AUGUST 19, 2012
I was so fixated on the sights outside my cabin window on the MS Nordlys— such as the most beautiful fjords in the world, set into mountains which are, as Norwegian Nobel Prize writer Knut Hamsun described, ” breathing from the granite vaults of their lungs” – that I failed to look around me at the ship which was my home for the past six days.
Forgive me. The MS Nordlys, one of the 13 ships of the Hurtigruten line (Hurtigruten meaning “fast voyage”) which was fast relative to the mail that used to take two weeks as it traveled up the Norwegian coast before Hurtigruten began 119 years ago to carry it in a matter of days, is not your average cruise ship.
To begin, it is midsize, meaning it is not an 18-passenger small-ship type operation such as American Safari, nor is it one of the Carnival/Princess 3,000-passenger behemoths. The MS Nordlys carries 622 passengers. A mega-ship could not slip into the fjords that the Nordlys can, and that’s one of the main reasons people want to sail on her. The narrow and spectacular Trollfjord, for example, named after Norway’s famed fierce trolls, challenges a ship captain to make the entrance and then turn around to get out, without scraping the sides of the mountains surrounding the waters, which our captain did with grace and elegance.
And, unlike the giant cruise ships of most of the world’s waters, Hurtigruten’s are all-Norwegian all the time. The entire crew is Norwegian, the food is Norwegian and the language is Norwegian, although all announcements to passengers are made in whatever languages are represented onboard; in our case, Norwegian, German and English.
If you don’t like seafood, you might reconsider a Hurtigruten cruise, as you will enjoy salmon and herring at breakfast and throughout the day (along with a variety of meats and cheeses and salads and hot foods also) and most evening entrees consist of a cod or other white fish entrée with vegetables and plenty of fresh salads, and always a selection of lovely desserts. The food is very good, but you won’t find hamburgers and steaks, if that is your preference.
The dining room has two seatings for dinner, at 6 and 7 p.m., and the service varies between buffets on some nights and table service on others. On the final night of the voyage Nordlys serves a buffet of the best of their local foods, including Norwegian king crab, prawns, shrimp, even reindeer in a cream sauce.
At the bar, beer costs from $3 to $7, wine $5 to $7 and cocktails $7 and up. Alcohol is expensive, but so is everything in Norway. Oslo is the most expensive city in Europe, and a baguette sandwich of ham and cheese on Norwegian soil can cost $20.
The most unusual feature of the Hurtigruten ships, however, is their primary purpose: to serve the people of the west coast of Norway as a mail and freight service and to carry residents from town to town, in a place where fjords, mountains and winter weather work to keep the populations isolated from one another. About one quarter of the passengers on the Nordlys in August was made up of Norwegians who were commuting from one town or region to another, for purposes of business, hospital visits, family reunions and the like. There were no swimming pools or Jacuzzis or climbing walls on our ship (although it did have a fitness center), no evening song and dance shows, no casinos and no limbo contests. There is a tiny movie theater, and the only time we were there was to see an informative documentary on the North Cape, which we were scheduled to visit the next day.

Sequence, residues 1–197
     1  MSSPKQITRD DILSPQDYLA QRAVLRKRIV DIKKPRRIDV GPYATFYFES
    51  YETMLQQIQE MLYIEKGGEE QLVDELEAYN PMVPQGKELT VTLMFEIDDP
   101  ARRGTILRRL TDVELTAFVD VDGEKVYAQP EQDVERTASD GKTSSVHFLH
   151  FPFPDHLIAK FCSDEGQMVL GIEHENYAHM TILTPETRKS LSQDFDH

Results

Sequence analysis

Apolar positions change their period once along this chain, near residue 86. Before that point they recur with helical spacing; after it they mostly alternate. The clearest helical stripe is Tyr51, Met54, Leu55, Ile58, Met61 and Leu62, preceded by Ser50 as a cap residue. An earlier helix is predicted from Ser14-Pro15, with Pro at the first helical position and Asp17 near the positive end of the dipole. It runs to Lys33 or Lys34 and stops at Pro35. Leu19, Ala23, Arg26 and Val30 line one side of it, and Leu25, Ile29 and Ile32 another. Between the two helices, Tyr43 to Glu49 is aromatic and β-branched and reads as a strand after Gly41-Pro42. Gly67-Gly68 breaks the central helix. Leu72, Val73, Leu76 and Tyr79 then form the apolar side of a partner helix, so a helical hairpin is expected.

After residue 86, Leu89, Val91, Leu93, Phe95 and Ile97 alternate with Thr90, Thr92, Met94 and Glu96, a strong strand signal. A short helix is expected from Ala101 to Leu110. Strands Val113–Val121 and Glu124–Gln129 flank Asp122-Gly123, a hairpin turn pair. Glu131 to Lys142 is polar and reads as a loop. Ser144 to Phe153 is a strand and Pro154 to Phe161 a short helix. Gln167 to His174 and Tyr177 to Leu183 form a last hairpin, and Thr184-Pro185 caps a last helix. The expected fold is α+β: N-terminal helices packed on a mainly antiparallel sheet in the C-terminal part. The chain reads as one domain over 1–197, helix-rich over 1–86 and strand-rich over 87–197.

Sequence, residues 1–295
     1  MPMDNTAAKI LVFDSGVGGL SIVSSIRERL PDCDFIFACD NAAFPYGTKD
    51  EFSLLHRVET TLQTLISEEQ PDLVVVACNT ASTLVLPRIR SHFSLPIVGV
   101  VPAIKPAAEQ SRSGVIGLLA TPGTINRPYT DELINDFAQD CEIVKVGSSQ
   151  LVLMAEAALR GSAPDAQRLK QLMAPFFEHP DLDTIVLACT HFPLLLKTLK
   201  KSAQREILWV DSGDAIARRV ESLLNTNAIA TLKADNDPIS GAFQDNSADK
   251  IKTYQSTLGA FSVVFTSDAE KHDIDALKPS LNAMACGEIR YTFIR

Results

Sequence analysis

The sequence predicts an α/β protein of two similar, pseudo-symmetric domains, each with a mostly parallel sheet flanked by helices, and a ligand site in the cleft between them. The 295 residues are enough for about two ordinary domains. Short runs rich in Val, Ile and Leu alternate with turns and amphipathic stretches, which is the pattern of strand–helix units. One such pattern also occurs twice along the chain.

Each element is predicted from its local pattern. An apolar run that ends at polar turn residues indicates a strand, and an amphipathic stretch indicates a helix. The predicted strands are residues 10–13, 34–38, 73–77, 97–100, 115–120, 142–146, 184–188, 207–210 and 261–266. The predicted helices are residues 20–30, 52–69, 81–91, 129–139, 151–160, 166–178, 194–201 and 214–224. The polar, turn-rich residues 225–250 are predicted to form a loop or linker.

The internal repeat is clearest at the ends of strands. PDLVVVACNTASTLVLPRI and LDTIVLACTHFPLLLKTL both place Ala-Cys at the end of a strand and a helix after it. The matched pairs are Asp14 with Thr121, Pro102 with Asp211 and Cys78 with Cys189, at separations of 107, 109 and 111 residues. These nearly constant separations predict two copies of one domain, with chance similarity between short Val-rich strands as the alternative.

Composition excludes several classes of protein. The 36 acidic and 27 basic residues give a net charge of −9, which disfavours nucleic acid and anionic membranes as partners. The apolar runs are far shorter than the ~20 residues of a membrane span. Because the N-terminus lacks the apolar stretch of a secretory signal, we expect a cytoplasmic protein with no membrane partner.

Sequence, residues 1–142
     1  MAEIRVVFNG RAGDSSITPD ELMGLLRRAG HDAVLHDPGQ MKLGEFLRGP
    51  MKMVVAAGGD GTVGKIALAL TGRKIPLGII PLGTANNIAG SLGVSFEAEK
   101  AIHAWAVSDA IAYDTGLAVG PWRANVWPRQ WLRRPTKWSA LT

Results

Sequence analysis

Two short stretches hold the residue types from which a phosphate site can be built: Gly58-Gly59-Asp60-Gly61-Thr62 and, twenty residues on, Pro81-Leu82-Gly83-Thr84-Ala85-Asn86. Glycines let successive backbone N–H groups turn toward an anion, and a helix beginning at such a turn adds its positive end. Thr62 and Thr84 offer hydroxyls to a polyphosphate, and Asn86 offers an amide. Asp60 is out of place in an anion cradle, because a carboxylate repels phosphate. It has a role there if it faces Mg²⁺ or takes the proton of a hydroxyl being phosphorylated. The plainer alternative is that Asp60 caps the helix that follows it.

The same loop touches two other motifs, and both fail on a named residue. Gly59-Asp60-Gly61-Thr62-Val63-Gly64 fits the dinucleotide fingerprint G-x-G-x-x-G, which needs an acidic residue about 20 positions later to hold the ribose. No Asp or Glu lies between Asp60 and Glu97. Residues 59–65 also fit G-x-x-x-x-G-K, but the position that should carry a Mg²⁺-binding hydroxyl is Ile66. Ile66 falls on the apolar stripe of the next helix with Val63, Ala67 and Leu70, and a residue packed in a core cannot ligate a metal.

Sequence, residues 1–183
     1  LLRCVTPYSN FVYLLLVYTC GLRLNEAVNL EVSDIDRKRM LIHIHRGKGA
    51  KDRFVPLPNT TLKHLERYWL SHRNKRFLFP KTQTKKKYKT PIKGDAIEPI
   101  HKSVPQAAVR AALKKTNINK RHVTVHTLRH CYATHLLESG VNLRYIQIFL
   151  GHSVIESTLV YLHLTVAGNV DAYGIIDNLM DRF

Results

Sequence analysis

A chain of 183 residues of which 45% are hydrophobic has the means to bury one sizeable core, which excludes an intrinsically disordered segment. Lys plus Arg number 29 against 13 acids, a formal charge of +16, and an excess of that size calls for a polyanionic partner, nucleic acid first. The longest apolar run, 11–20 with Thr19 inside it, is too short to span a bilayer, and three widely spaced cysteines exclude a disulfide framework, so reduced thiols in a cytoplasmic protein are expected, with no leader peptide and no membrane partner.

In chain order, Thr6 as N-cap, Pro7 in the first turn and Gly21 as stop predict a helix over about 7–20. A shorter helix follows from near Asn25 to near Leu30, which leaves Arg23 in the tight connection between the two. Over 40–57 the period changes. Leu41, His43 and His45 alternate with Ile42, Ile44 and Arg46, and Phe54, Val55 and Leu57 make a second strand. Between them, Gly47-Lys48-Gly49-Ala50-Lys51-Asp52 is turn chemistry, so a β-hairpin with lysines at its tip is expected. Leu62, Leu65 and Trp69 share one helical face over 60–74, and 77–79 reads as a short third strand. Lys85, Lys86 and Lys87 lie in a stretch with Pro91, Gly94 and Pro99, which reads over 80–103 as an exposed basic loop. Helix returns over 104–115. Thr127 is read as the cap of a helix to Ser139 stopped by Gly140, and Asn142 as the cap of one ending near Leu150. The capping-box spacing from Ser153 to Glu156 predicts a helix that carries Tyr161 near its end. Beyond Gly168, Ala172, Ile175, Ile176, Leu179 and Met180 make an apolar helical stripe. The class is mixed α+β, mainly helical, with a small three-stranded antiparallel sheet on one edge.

On the other hand, we had a choice of several shore excursions every day, offering kayaking, boat trips, birdwatching, visiting the northernmost point in Europe or sailing to a glacier. In winter (which the Norwegians love; it’s their favorite season, for all its bitter cold and snow), you can dogsled from one port to another, riverboat to the Russian border (which is about 10 miles from the furthest point where the ship takes you), reindeer sled on a coastal farm or take an entire Astronomy Voyage on two other of Hurtigruten’s 13 ships to see the Northern Lights, and enjoy onboard lectures by astronomers and physicists. Excursions can be taken by anyone who is on board the ship for the full day before and after the excursion and they cost between $32 and $300.
Although the ship makes 34 stops as it plies the waters between Bergen and Kirkenes, the stops do not disturb passengers, as many are made quickly and quietly, in the middle of the night, and the passengers who are hopping on and off the ship do so on the third deck, below all the decks where the restaurants, cabins, lounges and the like are located.
Passengers have a choice of nine different cabin types on the Nordlys, including some for guests with special needs. We had the smallest cabin, which was cozy but a little snug for sleeping two. These start at $1,813 in summer and go up to $12,000 for a large suite with double bed, seating area with television set and private balcony and bathtub, for the entire 12-day north-to-south and return cruise.
Would I go on this same voyage on this same ship again? You bet I would, and it would be in winter! Because among other reasons, although I have now crossed the Arctic Circle and enjoyed the Land of the Midnight Sun, I want to see the Northern Lights, and to see them it has to be winter. In Hamsun’s words, the Aurora Borealis is “a firmament of wings, a conflagration in the mansions of God.”